THE TOP 10 HIGHEST-PAID DEAD CELEBRITIES | Celebrities Making Bank From Beyond The Grave
Everyone knows that celebrities are some of the wealthiest people on the planet, and many of them take advantage of this constantly in their public lives. What may come as a surprise is that falling out of the spotlight doesn’t necessarily change this, due to residuals and likeness rights surviving long beyond the peak of their fame. In fact, not even shuffling off this mortal coil and passing away has stopped certain particularly famous celebrities from continuing to rake in the dough.
For many years now, Forbes magazine has been releasing a list of the wealthiest dead people around, with several other publications offering supplemental information that generally confirms their listings. Unsurprisingly, leading the charge this year is “The King of Pop” Michael Jackson, as has been the case almost every year since his demise in June 2009. Not only that, but in typical MJ fashion, he nearly doubles his closest runner up, golf legend and low-key mixology genius Arnold Palmer.
Obviously, these incredibly wealthy celebrities can’t exactly do anything with they money the make. However, their families and heirs can still benefit for as long as they live, which is why many so many of them are quick to sign off on highly lucrative endorsement deals and advertising opportunities. Not that this is necessarily exploitative, considering many of these celebs genuinely loved the spotlight, and their fans are happy to see them cropping up on TV and in the radio despite the fact they’re no longer with us. To discover how Jackson and his peers are still so darn rich, keep reading and learn about 15 celebrities making outrageous amounts of money from beyond the grave.
Secrets and Nightmares of the Teenage Circumcision Circuit.
In South Africa thousands of boys are initiated into manhood each year, but all too often they lose far more than they gain.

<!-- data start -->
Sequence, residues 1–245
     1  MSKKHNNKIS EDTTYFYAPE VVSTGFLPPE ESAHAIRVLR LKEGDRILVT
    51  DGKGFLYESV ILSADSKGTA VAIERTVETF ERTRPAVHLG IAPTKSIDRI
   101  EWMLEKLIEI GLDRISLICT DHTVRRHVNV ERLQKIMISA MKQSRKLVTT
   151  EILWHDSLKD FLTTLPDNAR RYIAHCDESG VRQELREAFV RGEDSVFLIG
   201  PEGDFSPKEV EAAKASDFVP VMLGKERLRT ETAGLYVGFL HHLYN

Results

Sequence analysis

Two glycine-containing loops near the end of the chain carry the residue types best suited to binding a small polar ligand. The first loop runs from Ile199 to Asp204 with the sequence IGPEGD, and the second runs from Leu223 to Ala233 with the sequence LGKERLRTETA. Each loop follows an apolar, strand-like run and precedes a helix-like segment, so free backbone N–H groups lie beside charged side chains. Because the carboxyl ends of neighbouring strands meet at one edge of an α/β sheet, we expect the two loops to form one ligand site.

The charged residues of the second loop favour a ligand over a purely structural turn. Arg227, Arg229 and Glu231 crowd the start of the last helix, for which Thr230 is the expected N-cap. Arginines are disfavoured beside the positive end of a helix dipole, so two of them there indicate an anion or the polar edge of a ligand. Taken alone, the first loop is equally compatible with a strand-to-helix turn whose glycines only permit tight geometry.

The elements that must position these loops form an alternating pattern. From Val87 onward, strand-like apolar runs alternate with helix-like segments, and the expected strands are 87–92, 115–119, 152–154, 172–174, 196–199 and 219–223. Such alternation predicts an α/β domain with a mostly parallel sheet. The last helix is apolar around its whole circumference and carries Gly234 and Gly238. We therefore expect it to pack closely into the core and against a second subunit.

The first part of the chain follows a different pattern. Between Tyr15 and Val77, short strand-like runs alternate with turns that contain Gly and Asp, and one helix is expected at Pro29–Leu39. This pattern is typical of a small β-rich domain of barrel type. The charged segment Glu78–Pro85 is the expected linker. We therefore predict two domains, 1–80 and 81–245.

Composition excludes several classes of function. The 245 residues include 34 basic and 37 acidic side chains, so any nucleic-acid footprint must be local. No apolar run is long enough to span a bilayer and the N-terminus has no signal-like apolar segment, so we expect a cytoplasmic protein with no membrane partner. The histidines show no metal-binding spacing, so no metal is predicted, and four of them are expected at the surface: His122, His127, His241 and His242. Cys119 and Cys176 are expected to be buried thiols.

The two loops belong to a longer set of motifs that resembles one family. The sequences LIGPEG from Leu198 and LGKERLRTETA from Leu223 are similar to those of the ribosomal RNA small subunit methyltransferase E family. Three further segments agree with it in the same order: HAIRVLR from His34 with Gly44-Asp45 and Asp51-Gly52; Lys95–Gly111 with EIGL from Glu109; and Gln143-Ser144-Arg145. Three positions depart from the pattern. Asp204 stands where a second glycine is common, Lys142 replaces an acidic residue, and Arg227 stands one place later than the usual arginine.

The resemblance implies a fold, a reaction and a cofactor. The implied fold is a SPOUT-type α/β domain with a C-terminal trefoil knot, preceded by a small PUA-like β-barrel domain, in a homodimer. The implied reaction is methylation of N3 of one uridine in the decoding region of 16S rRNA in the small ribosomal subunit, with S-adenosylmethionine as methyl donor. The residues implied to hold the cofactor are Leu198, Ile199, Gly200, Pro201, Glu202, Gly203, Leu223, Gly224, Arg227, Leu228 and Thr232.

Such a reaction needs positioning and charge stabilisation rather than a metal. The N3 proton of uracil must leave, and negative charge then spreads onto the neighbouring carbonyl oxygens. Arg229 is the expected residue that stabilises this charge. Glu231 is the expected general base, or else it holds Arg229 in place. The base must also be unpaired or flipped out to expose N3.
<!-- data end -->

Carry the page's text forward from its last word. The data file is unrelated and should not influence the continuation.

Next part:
T he sun is drooping in the December sky as cicadas weave ominous melodies into the summer air. Their shrill vibrato is the soundtrack to Azola Nkqinqa’s last day as a boy. It’s the time of year when Nkqinqa, 18, and about 50,000 other South African boys, come to one of the many remote initiation schools in order to learn how to be a man. This school is located in the Eastern Cape province — the country’s poorest. In the Xhosa culture, the transition into manhood is marked by a month of instruction from elders, who teach the teens how to be a father, a husband. The Xhosa boys are also circumcised during this time, and most years these schools make headlines because dozens of the boys die during the process.
Nkqinqa is feeling particularly insecure. It is customary for the patriarch in a family to send a boy off, but Nkqinqa’s father has not been a part of his life for several years, and three of his uncles are dead. So a neighbor named Patrick Dakwa has agreed to take responsibility for him. Dakwa is a community volunteer who spends a lot of time trying to make circumcisions safer, running seminars near the Eastern Cape town of Flagstaff, teaching traditional surgeons how to safely dress wounds. However, since previous initiates are sworn to secrecy about the ritual’s details, as he lies in a hut with the other boys, rabid speculation is Nkqinqa’s only close companion.
The next day, the 13 boys in his cohort consecutively go to see a surgeon. Using a blade about the size of a steak knife, he slices off each of their foreskins. Dakwa and his fellow health volunteers recommend in their seminars that separate, disposable razors be used for the circumcisions so as to eliminate the risk of HIV transmission. But this is an illegal initiation school that shows little regard for regulations. All boys go under the same knife here.
The surgeon wraps Nkqinqa’s penis with a traditional dressing comprised of medicinal leaves. The pain is unremitting and debilitating, but Nkqinqa tries not to let his discomfort show. He doesn’t want to appear weak in front of the other emerging men.